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A constellation prize

Woman looking through a telescope peering into the stars. Submitted photo.

Dress for the cool weather nights and relish one of the most rapidly diminishing resources on the planet—dark night skies.

The special air quality and visibility provided by the Class I air of Theodore Roosevelt National Park give astronomers, rangers and historians a unique opportunity to gather together for a host of activities centered on the vast expanses of space.

"Humanity has gazed in awe at the night skies for millennia," said Eileen Andes, chief of interpretation and public affairs at Theodore Roosevelt National Park. "This event celebrates not only the majesty and delicacy of this awe-inspiring resource, but it makes it accessible and fun for people of all ages."

The annual Dakota Nights Astronomy Festival will begin Friday, Sept. 7, and run through Sunday, Sept. 9. The event will feature exhibitions and discourses by renowned lecturers, opportunities to sun and stargaze, competitions for rocket building and launching and more.

Activities during the event are open to the public and included with park entrance fees. Some national parks collect entrance fees to assist with the cost of providing safe, meaningful experiences to park visitors. Money collected is used in ways that directly improve visitor experiences and provide the park with funds to host the annual event.

"Parks aren't only important for protecting resources — they are places where people can get outdoors, connect with nature, unplug and get off the screen," Andes said. "Events like these are things that we do that we couldn't accomplish without the help of donations, philanthropic organizations and the support of our community."

Daytime Activities - Saturday & Sunday

The Discovery Dome Theater event begins at 9:00 a.m. and concludes at 4:00 p.m. at the South Unit Visitor Center. It will provide guests with an opportunity to view films about outer space, planets, stars and black holes.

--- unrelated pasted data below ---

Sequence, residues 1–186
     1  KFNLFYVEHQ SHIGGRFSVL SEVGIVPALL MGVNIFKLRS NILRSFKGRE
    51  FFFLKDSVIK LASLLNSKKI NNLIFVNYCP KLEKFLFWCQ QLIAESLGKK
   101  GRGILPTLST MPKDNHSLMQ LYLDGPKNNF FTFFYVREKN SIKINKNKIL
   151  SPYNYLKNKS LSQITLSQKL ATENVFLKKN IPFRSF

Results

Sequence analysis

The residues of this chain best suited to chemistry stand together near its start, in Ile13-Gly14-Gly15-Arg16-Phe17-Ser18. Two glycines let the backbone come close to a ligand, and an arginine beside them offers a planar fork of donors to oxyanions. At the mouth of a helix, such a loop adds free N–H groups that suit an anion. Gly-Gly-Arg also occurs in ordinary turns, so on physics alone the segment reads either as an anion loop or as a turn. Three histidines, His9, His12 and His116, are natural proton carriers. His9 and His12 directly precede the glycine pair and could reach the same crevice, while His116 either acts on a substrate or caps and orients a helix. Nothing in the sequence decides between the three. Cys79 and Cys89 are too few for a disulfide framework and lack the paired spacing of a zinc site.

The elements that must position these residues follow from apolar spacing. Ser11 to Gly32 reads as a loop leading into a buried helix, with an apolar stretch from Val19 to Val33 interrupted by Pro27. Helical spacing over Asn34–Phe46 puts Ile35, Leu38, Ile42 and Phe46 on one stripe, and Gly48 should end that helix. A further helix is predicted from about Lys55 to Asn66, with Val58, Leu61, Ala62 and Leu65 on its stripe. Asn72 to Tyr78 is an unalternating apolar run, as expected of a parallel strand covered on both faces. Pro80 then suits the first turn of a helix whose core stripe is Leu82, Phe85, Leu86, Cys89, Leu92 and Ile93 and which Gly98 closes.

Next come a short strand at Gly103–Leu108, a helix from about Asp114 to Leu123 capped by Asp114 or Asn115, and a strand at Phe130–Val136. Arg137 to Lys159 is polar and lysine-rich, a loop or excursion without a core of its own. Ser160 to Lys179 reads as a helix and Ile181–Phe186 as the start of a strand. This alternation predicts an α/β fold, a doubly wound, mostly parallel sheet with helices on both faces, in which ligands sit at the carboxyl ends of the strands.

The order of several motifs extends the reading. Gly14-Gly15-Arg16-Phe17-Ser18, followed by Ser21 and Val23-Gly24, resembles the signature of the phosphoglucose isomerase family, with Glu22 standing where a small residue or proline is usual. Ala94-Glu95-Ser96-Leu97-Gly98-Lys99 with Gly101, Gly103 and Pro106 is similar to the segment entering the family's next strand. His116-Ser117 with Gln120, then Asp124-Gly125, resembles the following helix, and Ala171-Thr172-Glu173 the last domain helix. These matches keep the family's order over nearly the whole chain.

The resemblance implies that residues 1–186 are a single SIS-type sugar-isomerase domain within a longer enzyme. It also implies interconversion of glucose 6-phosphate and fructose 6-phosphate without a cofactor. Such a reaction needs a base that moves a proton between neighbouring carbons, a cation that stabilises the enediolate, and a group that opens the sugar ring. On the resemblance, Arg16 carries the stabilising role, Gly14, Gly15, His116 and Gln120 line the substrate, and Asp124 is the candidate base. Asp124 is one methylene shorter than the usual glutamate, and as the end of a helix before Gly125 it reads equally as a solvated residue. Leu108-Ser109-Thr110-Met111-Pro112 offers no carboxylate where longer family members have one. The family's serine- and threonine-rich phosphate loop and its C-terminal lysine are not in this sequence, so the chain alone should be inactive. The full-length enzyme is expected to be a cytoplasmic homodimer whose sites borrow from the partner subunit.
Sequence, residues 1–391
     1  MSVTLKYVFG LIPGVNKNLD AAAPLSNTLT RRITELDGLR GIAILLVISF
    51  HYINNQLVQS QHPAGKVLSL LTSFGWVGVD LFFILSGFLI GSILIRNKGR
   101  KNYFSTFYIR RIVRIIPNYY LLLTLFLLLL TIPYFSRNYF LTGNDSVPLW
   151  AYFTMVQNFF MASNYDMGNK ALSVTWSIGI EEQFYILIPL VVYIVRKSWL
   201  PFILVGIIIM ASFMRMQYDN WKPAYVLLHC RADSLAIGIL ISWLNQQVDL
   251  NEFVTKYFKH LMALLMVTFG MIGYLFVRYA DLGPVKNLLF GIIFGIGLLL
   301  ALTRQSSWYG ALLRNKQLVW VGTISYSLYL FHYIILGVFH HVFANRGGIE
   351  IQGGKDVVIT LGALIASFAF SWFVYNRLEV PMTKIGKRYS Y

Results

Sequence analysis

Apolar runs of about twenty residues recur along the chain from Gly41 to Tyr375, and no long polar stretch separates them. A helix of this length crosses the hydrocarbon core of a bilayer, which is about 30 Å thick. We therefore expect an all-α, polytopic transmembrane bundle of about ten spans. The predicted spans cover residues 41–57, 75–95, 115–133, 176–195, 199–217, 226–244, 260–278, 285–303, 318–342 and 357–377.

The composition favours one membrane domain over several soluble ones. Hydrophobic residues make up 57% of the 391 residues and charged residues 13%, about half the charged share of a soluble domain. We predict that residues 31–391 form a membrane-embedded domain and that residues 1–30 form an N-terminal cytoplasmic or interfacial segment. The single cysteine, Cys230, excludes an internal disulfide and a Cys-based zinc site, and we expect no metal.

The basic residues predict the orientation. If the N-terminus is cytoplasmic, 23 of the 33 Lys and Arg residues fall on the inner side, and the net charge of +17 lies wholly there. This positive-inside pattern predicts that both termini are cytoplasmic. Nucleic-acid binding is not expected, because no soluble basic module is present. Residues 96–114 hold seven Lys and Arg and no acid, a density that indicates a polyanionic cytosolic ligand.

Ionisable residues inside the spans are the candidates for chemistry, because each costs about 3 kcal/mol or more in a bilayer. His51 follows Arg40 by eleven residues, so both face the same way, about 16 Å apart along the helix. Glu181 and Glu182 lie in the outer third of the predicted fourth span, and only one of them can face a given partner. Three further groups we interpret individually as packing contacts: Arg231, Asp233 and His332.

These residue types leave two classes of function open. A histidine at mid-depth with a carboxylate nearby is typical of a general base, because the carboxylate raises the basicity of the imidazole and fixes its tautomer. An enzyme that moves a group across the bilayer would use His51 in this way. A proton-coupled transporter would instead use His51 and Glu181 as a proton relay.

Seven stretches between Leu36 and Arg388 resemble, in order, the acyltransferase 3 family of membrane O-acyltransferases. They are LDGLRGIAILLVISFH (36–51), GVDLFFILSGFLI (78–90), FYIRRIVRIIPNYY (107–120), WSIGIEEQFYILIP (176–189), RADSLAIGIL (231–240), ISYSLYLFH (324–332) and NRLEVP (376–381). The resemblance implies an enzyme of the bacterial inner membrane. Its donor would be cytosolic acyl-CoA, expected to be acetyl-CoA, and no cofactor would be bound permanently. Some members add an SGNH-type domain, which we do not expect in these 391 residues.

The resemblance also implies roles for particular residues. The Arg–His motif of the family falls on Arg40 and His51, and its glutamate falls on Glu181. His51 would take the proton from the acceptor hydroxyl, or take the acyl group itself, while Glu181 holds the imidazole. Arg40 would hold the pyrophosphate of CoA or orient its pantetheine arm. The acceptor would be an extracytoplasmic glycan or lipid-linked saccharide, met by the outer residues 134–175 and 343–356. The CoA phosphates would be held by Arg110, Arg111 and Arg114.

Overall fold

Gather the children and enjoy the festivities featured in the Kids' Crafts Activities beginning at 9:00 a.m. and ending at 3:00 p.m. The event will feature free hands-on activities aimed at promoting a healthy interest in astronomy while unleashing the child's personal creativity.

The always-popular rocket building and launching event begins promptly at 1:00 p.m. and concludes at 4:00 pm in Chimney Park. Budding rocket scientists can build, paint and launch their very own rocket into the clear skies above. This event will require a minimal fee of $10 to purchase a rocket kit.

Most people have heard of star gazing, but few have enjoyed the splendor of solar viewing. Starting at 1:00 p.m. and concluding at 4:00 p.m. at the De Mores Park, participants will have the opportunity to witness firsthand a sun spot. Young and old alike can safely view the sun through special telescopes that allow intricate viewing of solar flares, spots and more.

Finally, conclude your daytime activities with a leisurely hike through the solar system. The outdoor trek will launch every hour beginning at 1:30 p.m. and concluding at 3:30 p.m. at De Mores Park. Starting at the sun, budding astronauts will hike their way to Neptune—sorry, Pluto. The journey will teach adventurers about the planets in the solar system as they hike the half mile, easy course.

Featured Presentations — Friday, Saturday & Sunday

All presentations will be held at 7 p.m. in the Cottonwood Campground Amphitheater.

Friday will feature a presentation by Dr. Corinne Brevik on the over 2,000 planets found around other stars in the galaxy. The presentation will detail how astronomers detect them and uncover their amazing properties.

The guest lecturer on Saturday is Mary Stewart Adams. Adams will detail how once upon a time, every star had a name and a story. They told fascinating stories of people, sites, farming and ceremonies—and still inform our daily lives.

Sunday's presentation will feature Park Ranger Andrea Martinson's show and tell, where guests will experience the sights and sounds of the park's nocturnal wildlife. The lecture will explain how these animals adapt to their environment and thrive in the moonlight.

Stargazing and Telescopes — Friday, Saturday & Sunday

Guests will get an up-close look at the stars, clusters and planets in our solar system and beyond through specially designed telescopes at Peaceful Valley Ranch as astronomers and rangers share stories about the night sky.

For more information, visit nps.gov/thro/learn/nature/dakota-nights-festival.htm.

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